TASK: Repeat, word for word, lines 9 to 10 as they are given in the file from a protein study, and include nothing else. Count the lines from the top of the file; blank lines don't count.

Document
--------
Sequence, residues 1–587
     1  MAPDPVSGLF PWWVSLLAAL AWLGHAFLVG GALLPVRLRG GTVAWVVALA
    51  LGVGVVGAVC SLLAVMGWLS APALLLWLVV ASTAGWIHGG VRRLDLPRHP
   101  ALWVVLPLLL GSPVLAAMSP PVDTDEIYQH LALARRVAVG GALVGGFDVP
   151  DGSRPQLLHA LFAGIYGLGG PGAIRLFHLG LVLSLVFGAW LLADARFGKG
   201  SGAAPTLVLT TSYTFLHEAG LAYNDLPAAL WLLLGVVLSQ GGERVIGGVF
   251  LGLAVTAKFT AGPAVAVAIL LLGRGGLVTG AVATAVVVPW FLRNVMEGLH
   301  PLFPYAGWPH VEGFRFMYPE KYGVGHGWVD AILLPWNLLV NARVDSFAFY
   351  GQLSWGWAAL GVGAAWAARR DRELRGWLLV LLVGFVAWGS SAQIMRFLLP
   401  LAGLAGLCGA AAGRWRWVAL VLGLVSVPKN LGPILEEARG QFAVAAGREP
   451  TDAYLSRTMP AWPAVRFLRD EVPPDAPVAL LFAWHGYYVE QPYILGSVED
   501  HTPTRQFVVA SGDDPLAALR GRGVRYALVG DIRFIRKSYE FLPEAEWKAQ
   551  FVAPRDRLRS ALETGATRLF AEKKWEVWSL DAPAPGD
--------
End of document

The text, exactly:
   351  GQLSWGWAAL GVGAAWAARR DRELRGWLLV LLVGFVAWGS SAQIMRFLLP
   401  LAGLAGLCGA AAGRWRWVAL VLGLVSVPKN LGPILEEARG QFAVAAGREP